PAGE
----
The deadline is in 15 minutes. My dog is standing behind me, whining, waiting for me to take him out. In the dining room, my girlfriend is asking me when I’m going to come and sit down for dinner. For the last hour, I’ve been in front of my computer, editing the article I’m writing. It’s almost done, but not quite yet. It just needs one more edit.
Soon after that “final” edit, I take another 5 minutes to edit it again. And then again, and again.
I’ve always found finishing an assignment harder than beginning one. I’m good at starting an article well ahead of its deadline. My research, interviews, transcripts and notes are all finished well before I’m ready to sit down and write it out.
The process of writing can sometimes be slow and laborious for me, but I give myself plenty of time to think through the article and write out a first draft I am comfortable with.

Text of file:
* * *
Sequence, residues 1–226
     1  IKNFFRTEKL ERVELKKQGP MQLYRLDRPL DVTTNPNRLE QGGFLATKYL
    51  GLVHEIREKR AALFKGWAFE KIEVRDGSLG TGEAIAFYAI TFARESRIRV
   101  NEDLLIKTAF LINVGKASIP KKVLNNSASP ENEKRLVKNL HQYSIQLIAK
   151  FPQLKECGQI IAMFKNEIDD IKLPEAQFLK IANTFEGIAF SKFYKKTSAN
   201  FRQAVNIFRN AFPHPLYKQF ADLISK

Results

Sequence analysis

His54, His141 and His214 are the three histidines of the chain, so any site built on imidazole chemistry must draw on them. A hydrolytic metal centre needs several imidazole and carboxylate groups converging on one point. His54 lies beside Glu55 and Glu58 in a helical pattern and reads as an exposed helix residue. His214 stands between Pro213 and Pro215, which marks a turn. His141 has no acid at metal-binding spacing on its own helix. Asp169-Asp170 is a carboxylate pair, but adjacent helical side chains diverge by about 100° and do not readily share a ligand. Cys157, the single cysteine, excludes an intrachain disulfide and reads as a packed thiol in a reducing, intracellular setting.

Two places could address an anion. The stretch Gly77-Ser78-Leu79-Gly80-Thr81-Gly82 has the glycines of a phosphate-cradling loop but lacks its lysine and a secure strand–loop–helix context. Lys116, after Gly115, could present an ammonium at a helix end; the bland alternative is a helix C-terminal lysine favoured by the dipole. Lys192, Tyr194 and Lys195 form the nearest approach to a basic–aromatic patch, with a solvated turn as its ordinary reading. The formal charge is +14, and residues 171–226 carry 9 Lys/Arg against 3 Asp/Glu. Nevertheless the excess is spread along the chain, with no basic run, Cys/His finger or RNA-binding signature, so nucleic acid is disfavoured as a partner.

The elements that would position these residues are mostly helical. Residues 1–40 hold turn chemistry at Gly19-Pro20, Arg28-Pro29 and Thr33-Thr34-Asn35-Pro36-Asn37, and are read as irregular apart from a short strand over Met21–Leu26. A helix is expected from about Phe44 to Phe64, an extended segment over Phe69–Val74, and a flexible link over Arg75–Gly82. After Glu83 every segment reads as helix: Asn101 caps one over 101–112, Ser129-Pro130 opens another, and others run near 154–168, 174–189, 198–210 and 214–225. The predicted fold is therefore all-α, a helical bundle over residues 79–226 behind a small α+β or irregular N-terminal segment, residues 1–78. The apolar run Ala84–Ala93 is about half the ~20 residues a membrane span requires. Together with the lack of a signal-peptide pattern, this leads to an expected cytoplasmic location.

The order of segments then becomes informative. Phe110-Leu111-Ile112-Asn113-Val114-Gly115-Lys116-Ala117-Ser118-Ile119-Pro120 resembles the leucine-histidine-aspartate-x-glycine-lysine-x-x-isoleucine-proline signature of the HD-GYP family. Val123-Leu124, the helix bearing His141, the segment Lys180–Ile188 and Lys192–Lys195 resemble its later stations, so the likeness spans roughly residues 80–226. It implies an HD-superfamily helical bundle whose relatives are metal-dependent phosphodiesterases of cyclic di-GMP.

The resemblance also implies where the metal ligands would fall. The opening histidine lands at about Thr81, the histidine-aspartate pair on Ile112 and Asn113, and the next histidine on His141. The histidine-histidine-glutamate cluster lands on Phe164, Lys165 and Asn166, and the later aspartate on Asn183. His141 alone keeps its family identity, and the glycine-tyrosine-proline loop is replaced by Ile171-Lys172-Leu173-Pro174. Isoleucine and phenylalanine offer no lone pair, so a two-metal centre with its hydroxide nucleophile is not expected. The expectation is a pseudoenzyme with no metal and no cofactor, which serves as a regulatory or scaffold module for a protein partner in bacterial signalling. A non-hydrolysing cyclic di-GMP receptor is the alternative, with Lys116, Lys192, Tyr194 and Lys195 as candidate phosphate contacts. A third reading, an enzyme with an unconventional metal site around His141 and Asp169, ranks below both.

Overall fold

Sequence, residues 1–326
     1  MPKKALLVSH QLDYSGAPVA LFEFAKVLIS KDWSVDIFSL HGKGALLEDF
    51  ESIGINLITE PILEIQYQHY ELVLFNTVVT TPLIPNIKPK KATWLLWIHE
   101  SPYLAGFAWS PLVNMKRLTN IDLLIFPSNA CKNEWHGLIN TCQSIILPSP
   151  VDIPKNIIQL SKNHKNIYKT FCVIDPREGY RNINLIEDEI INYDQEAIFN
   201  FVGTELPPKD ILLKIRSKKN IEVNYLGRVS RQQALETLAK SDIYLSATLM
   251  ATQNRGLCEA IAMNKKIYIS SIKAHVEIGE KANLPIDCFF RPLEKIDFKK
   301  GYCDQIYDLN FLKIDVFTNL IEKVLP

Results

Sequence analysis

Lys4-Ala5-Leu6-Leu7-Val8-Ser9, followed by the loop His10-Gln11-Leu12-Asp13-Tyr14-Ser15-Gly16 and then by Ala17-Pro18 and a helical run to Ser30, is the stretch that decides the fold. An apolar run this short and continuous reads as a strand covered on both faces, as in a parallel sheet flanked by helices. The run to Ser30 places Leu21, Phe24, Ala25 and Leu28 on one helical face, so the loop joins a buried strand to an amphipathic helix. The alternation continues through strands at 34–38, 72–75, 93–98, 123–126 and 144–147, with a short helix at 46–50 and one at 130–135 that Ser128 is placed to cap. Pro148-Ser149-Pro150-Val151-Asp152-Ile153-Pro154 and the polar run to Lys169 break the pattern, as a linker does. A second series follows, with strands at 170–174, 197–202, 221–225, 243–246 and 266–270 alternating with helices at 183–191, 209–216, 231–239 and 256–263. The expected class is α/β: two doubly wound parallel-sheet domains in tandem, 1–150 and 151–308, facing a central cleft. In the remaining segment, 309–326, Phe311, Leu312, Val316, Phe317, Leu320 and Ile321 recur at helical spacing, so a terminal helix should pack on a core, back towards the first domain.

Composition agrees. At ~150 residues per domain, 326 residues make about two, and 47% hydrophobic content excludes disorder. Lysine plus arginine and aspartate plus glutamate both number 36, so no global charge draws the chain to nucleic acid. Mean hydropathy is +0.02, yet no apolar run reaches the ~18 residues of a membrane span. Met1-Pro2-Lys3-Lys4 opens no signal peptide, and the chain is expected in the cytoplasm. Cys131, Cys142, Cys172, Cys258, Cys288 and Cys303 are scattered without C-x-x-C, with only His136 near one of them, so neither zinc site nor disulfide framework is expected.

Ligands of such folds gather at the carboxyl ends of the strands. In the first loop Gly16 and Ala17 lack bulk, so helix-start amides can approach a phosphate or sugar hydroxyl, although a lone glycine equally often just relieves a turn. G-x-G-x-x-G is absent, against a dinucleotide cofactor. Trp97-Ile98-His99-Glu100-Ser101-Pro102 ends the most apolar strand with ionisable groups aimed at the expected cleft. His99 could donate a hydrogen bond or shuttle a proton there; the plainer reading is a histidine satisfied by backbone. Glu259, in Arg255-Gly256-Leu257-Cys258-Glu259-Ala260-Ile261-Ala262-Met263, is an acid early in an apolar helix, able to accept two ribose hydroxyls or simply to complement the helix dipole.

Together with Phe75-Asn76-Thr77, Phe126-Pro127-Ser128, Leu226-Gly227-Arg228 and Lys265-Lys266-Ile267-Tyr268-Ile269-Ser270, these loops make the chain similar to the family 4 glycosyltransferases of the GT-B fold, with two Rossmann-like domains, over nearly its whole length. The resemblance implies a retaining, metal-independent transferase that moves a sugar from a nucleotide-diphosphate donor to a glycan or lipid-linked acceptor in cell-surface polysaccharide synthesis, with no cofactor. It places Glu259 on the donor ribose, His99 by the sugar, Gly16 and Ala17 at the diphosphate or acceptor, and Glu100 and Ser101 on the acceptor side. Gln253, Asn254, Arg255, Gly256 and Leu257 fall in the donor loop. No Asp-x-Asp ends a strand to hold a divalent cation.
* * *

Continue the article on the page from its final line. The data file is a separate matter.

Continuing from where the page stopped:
For me, writing is a relatively smooth process. But as the deadline approaches, my stress and anxiety levels skyrocket. It needs to be perfect when I send it in. No typos, no anecdotes or pieces of evidence missing. Perfect.
Inevitably, an article that should have been finished well before the deadline is now being sent in with a couple of seconds to spare.
I’m relatively new to the field of writing. Letting go of an assignment and making peace with the fact that an article won’t be 100 per cent perfect is something I am still struggling with. But day by day, article by article, I’m slowly learning to let it go.
I finally send in the article I’ve been trying to finish for the last hour. I submit it to my instructor, take my dog outside and have dinner with my girlfriend.
A few days later, I get the assignment back. I see that I’ve lost one point because I spelled “of” instead of “off.” But you know what? I still received a great mark. One mistake isn’t the end of the world.
Mistakes happen. Things will always slip through the cracks. That’s why we have editors to catch these little typos when they make it past the writer’s radar.
Next time, I tell myself, I’ll do a few edits and then send it in. When the next deadline comes around again, I hand it in with 5 minutes to spare. Slowly but surely, I’m learning to let it go.